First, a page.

This is a plausible description of the “normative pragmatics” within a speech community, and in fact it bears  a number of similarities with some other accounts such as Grice’s, or Lewis’(1983) (who uses the very notion of “scorekeeping in a language game”), or of a number of speech act theorists’ views on meaning. The originality of Brandom position comes when he claims that the very individuation of a thought, and in fact the very having of a thought by an individual is dependent upon the kind of “scorekeeping attitudes” that the individual has towards others and that others have towards him or her. Thoughts are thoughts, and meanings are meanings, only because they are ascribed by individual to others, or interpreted. In this sense, Brandom’s position is close to Davidson’s “interpretationist” view of thought and language, or, as he himself calls it, “phenomenalist”:  a thought is a thought only if it is  can be ascribed by someone. When one ascribes a thought p to a person, one ascribes to her the fact of being committed to q, r  , etc. , and one recognises her commitment. In turn, the person herself has the thought only in so far as she recognises this commitment. Again in other terms, the content of a belief is determined by the content of the beliefs that the person should have, where the “should” has to be shared by other interpreters of one’s speech and thought.

          This “expressivist” conception of thought implies a form of social holism (Esfeld 1999, ibid.). An individual can only have beliefs within the context of her having other beliefs. The inferential context of a belief is the use of the sentence which expresses it by the whole community. So it is the whole community who, by its shared commitments fixes the content of assertions and beliefs. The order of explanation of mental contents adopted by Brandom is thus the following:

(1) The content of propositional attitudes is determined by the inferential roles

       that they have within an individual’s psychology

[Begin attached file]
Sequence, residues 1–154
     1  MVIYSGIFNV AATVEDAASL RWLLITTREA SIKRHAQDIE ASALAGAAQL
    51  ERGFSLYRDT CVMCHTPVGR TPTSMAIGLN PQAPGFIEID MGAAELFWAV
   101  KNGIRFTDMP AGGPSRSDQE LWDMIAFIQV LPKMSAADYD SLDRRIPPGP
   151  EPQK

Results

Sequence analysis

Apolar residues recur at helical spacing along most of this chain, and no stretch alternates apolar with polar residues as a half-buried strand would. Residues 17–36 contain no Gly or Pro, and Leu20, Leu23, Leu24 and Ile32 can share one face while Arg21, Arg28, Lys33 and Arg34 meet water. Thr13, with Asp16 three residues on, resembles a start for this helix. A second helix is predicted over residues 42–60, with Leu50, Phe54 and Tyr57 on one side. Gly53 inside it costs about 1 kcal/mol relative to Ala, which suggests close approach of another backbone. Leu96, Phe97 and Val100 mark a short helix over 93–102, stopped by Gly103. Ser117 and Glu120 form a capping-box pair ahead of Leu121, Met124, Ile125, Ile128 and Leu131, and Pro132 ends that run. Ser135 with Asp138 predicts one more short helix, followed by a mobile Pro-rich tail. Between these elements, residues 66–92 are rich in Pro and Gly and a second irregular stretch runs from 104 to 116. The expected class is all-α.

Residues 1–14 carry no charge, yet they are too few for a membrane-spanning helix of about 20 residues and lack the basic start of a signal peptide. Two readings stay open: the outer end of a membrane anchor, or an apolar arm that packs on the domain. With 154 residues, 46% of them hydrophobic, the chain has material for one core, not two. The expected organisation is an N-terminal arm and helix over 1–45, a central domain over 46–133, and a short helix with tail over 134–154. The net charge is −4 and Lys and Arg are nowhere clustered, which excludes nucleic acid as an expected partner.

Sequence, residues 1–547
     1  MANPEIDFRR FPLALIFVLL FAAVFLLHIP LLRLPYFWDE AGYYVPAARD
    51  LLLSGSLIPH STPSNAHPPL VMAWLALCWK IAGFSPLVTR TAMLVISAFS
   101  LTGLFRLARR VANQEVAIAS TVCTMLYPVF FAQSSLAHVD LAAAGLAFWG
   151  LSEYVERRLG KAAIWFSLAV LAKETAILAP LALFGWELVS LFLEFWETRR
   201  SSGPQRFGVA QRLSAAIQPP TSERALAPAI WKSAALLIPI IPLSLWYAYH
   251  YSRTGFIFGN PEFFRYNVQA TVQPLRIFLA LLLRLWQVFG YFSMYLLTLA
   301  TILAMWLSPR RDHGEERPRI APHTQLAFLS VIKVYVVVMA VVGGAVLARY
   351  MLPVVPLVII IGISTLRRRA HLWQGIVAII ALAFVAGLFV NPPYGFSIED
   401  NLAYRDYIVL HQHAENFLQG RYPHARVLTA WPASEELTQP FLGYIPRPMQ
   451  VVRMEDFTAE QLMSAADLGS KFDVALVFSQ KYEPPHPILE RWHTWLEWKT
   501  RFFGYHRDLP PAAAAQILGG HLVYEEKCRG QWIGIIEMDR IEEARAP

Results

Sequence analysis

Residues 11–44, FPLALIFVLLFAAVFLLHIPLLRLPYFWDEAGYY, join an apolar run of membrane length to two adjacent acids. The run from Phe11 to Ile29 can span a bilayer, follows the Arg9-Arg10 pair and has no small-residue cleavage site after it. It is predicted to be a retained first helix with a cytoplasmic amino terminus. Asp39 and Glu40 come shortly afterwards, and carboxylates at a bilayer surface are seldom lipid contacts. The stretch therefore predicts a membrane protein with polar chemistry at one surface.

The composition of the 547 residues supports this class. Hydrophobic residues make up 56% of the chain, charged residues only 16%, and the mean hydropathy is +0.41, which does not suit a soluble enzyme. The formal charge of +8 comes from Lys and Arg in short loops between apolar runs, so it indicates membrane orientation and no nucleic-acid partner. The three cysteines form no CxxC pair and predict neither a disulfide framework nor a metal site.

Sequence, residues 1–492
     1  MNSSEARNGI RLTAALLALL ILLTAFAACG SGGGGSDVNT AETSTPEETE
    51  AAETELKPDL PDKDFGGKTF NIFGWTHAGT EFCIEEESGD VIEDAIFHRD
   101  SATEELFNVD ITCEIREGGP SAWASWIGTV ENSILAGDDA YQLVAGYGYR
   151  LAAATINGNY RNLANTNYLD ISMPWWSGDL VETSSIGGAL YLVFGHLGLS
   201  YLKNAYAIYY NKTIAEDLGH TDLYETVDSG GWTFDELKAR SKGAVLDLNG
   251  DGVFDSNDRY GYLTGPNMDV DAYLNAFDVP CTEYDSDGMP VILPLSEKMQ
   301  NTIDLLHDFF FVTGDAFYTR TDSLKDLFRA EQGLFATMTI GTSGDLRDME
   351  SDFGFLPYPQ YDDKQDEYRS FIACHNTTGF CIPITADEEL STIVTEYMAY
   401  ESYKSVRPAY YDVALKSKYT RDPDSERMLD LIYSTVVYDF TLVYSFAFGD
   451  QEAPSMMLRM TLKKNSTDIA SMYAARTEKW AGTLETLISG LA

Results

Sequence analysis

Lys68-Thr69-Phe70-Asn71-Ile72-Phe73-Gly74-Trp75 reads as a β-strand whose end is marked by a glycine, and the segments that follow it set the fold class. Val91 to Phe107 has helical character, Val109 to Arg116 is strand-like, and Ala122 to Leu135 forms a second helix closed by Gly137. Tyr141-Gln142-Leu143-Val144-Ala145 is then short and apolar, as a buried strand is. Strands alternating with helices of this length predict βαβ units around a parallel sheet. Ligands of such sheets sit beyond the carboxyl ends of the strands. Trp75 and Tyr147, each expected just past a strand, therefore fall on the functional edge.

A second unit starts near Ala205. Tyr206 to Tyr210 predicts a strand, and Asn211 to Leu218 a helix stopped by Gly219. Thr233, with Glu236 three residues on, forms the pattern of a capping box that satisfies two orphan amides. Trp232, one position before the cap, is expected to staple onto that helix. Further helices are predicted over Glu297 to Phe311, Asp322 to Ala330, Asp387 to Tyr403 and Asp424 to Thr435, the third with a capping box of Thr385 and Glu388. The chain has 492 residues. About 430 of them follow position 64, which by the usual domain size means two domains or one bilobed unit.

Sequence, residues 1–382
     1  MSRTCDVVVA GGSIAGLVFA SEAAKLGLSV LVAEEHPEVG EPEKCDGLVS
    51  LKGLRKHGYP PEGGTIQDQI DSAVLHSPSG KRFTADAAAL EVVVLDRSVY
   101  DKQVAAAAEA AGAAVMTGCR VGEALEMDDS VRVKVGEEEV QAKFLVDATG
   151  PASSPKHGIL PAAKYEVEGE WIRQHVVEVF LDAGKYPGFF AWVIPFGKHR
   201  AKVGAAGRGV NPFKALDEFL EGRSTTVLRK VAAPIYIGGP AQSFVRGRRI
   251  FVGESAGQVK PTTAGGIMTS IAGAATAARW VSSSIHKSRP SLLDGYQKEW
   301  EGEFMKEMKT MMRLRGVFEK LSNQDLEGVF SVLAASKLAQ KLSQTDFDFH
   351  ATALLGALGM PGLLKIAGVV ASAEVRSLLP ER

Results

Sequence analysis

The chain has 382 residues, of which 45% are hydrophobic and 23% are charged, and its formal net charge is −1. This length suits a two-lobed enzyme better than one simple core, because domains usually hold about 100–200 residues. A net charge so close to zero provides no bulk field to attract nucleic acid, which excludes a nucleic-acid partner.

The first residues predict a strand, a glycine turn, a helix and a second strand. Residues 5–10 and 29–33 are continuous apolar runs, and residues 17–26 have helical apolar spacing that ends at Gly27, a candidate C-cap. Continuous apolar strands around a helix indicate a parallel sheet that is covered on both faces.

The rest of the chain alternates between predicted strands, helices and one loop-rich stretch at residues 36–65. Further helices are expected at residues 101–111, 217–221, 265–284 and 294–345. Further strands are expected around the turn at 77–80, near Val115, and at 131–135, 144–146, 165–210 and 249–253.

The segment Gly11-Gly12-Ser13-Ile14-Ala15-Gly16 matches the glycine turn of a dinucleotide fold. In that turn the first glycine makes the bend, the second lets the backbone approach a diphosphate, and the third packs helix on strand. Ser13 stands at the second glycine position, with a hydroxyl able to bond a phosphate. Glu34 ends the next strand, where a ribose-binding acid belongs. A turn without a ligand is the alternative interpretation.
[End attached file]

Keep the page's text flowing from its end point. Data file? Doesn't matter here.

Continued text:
(2) these inferential roles are normative (they are rules, which involve prescriptions

      and commitments)

(3) the normativity of these roles derive from the deontic “scorekeeping”

        attitudes of the community; inferential content is social content

(4) hence the contents of propositional attitudes are “normative” because they are social.[3]

 

The same argument is run for meanings, and indeed, on this view the contents of thoughts derive from the meanings of the sentences they express; normativity of thought and publicity of meaning go hand in hand. Now, let us accept the inferential semantics (a), and let us accept also that these inferential roles are “normative” (for the moment without argument, but I shall spell out below some reasons to grant this). Are we bound to accept (c) and the conclusion (d)? I do not think so. (c) and (d) presuppose that commitments are shared. But what allows us to say that the “deontic statuses” and the commitments of our expressions and beliefs have to be shared by the members of a social community? For these commitments to be shared, the person who ascribes a certain deontic status to a semantic item must herself recognise this status, but, on Brandom’s view, she can recognise this status only by acknowledging herself , and by sharing the commitments that she describes. In this way, the ascriber of a thought makes “explicit” the commitments which are only “implicit” in the practice. As Brandom says : “ Practioners take or treats themselves and others as having various commitments and entitlements. They keep score on deontic status by attributing those statuses to others and undertaking them themselves.[my italics] (1994: 166). Communication implies that one shares these normative commitments, and that one takes responsibility just as others take responsibility for them (ibid.p.175). But is this right?